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Avoiding Opinion labeled as News and Current Affairs

Biased opinion haunts nearly many news and current affairs publications, programs and sites, and even more so in columns, blogs, talk-back shows that are often taken to be accurate news or current affairs reporting. Given people's reliance, and often non-critical reliance, on the media for information on which they make economic and political decisions, and their tendency to consume those whose views suit your own existing beliefs or prejudices, this situation tends to exacerbate polarisation on issues rather than considered judgements. Thie may be good for media ratings but it is not good for society as a whole.

Proposal for Improved Confidence in News and Current Affairs segments

How are the following for basic principles that should be the foundation for how news and currrent affairs media is undertaken/regulated:

  1. Media consumers' freedom to choose the media they consume needs to be informed by accurate descriptors and confidence that it will be "true to label"
  2. Media program labels should ideally be descriptive (eg news, current affairs/news analysis, current affairs forum/talkback) but could alternately be level based (1,2,3 etc)
  3. Criteria associated with labels should be specific, clear and pragmatic:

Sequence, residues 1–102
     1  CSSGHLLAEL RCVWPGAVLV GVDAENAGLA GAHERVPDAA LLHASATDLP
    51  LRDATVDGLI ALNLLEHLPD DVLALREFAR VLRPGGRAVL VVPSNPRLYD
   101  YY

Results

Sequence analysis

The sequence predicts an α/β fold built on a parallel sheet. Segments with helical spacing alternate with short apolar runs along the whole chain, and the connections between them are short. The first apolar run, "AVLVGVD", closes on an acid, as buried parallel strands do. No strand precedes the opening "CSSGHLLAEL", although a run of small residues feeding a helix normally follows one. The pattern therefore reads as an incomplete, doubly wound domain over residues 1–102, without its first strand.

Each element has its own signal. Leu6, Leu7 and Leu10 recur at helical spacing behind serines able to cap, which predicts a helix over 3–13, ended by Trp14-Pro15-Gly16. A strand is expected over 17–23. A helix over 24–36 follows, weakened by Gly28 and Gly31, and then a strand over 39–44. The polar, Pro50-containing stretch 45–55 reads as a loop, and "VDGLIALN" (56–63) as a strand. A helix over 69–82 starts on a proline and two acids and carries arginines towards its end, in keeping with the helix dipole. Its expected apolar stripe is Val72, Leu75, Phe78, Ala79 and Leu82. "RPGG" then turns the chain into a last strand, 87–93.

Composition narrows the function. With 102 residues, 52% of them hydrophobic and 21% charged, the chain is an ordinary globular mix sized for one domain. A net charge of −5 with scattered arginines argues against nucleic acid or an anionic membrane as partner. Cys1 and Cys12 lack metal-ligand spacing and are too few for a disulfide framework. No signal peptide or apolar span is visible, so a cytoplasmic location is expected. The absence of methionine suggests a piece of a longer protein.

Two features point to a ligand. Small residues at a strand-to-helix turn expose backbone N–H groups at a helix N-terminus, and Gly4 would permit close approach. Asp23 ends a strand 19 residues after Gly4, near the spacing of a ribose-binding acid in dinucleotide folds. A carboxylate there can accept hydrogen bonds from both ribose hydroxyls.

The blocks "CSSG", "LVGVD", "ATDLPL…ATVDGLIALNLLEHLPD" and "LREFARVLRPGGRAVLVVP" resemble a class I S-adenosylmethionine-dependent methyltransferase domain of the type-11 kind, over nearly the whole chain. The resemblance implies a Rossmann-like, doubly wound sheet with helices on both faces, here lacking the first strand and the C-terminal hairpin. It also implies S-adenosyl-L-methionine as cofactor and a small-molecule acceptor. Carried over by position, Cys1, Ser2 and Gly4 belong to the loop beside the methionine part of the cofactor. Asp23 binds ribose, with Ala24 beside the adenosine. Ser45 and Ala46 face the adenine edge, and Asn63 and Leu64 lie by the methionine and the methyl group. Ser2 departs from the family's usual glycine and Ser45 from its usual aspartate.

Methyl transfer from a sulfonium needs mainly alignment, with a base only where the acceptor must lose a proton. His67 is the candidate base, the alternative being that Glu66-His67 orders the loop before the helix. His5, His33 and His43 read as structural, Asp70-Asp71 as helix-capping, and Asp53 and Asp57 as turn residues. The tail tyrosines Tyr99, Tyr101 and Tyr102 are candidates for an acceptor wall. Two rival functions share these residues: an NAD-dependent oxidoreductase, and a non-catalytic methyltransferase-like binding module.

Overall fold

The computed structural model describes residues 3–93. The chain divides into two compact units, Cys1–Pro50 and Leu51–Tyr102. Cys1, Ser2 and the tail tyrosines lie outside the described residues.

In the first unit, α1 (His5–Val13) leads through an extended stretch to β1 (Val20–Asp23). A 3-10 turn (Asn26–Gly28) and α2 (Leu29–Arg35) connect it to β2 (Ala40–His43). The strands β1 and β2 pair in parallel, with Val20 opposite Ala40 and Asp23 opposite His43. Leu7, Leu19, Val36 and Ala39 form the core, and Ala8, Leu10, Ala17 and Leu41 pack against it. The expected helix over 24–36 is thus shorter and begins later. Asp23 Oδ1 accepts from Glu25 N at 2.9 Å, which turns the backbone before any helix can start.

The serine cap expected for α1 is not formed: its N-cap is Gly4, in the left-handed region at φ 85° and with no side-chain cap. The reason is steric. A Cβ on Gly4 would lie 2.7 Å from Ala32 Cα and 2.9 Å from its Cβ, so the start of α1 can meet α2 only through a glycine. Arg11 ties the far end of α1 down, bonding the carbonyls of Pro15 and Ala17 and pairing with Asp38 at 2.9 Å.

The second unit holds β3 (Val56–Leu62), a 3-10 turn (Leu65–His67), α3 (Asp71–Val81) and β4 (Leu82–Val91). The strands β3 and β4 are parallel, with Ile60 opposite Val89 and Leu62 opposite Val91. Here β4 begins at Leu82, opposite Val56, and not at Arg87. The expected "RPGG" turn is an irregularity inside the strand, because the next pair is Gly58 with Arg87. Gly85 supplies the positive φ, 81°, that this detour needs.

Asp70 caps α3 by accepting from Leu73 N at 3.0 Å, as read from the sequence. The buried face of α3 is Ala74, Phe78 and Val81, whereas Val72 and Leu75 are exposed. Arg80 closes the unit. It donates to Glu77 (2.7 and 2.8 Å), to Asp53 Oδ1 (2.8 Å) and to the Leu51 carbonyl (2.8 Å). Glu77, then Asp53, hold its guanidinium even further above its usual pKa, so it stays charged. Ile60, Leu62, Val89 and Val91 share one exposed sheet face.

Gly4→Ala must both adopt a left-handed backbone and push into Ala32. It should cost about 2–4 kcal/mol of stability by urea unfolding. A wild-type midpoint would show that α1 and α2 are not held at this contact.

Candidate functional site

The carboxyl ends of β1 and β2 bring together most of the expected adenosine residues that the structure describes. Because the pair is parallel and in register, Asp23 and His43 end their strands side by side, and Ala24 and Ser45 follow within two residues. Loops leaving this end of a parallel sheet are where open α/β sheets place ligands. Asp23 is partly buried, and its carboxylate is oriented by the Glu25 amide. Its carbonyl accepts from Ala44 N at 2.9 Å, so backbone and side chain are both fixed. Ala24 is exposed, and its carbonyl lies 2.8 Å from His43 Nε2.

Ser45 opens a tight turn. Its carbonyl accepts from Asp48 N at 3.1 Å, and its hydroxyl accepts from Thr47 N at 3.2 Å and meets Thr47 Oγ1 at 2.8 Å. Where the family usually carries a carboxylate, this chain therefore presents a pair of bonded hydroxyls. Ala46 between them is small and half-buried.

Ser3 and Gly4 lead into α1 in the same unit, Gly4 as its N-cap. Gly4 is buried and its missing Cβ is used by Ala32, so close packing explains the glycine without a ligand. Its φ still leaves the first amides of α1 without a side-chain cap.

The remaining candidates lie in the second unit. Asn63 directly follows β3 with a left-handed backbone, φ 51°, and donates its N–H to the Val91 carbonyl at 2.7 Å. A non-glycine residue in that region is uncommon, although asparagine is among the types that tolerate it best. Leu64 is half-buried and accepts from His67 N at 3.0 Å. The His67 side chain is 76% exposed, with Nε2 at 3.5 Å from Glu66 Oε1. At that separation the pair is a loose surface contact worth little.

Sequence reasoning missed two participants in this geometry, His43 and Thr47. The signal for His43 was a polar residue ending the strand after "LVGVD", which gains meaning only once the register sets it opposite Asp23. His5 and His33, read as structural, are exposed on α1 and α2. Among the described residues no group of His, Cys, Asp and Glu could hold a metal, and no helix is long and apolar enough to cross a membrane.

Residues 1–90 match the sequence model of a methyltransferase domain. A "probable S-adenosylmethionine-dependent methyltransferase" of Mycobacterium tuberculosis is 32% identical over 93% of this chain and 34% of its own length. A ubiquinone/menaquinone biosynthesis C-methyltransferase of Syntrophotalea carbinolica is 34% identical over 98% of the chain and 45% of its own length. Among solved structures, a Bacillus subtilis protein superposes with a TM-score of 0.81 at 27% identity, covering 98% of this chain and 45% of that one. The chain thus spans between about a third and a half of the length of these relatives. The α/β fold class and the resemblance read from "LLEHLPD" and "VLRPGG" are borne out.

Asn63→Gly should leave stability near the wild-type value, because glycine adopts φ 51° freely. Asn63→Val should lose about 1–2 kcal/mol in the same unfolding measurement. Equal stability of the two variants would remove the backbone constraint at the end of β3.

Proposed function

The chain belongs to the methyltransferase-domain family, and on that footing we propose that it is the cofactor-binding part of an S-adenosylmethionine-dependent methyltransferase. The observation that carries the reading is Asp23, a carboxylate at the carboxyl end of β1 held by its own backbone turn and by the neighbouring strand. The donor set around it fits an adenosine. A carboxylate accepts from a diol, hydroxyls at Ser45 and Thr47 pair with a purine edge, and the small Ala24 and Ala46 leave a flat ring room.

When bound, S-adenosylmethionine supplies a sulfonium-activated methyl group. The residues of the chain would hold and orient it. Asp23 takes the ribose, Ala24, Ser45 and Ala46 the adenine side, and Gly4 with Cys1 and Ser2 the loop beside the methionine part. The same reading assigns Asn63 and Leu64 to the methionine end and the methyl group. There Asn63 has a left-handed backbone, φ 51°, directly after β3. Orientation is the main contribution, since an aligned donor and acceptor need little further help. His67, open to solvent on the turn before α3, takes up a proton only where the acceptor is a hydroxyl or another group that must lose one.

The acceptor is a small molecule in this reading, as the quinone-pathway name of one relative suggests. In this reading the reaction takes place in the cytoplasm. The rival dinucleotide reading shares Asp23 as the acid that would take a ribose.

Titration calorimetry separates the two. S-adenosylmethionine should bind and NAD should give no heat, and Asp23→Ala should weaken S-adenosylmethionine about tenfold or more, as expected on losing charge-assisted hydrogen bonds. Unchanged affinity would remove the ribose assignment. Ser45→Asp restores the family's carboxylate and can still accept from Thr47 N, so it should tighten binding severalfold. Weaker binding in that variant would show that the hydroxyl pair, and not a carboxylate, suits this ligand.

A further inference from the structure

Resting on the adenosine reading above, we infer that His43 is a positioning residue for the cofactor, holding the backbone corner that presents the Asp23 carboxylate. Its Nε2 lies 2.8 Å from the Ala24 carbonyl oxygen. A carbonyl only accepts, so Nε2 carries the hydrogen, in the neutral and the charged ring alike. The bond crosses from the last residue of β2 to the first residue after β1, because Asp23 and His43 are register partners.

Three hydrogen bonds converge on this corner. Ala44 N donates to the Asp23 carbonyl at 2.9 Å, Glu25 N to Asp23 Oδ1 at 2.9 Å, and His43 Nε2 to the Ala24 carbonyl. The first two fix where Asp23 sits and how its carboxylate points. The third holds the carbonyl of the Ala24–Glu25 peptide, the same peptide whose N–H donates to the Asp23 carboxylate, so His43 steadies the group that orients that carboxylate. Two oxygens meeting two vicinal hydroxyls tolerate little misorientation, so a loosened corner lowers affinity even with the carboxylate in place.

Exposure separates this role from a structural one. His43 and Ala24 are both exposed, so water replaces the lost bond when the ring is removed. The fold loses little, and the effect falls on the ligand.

a. All

      • i. Clear separation of material from advertiser/sponsor messages 
      • ii. Editorial independence from all advertiser/sponsor influence
      • iii. Video, audio and other media recordings utilised are time and date stamped to show time of original recording 

b. News

      • i. Factual presentation of current news items within balanced context that provides meaning for the facts
      • ii. News producer filters potential news items according to importance assessed against either pre-specified factors or, if no such factors specified, against general interest of potential audience reached
      • iii. News items time and date stamped at the time of editorial completion 

c. Current affairs/news analysis

      • i. Any presenter/commentator conflict of interest explicitly identified
      • ii. Any presenter/commentator relevant affiliations and/or previous published viewpoints explicitly identified
      • iii. Clear and balanced presentation of context of the current affair/news item being discussed/analysed
      • iv. Research information gathered and further references available on website with URL explicitly identified

d. Current affairs/discussion (eg talk-back radio, panels open to public application etc)

      • i. As per current affairs/news analysis
      • ii. Approach to selecting/filtering discussants/contributors from the public explicitly identified

4. Media providers should have published and open processes to ensure compliance and report breaches

Other Web References

Last Updated on Wednesday, 16 May 2012 00:40

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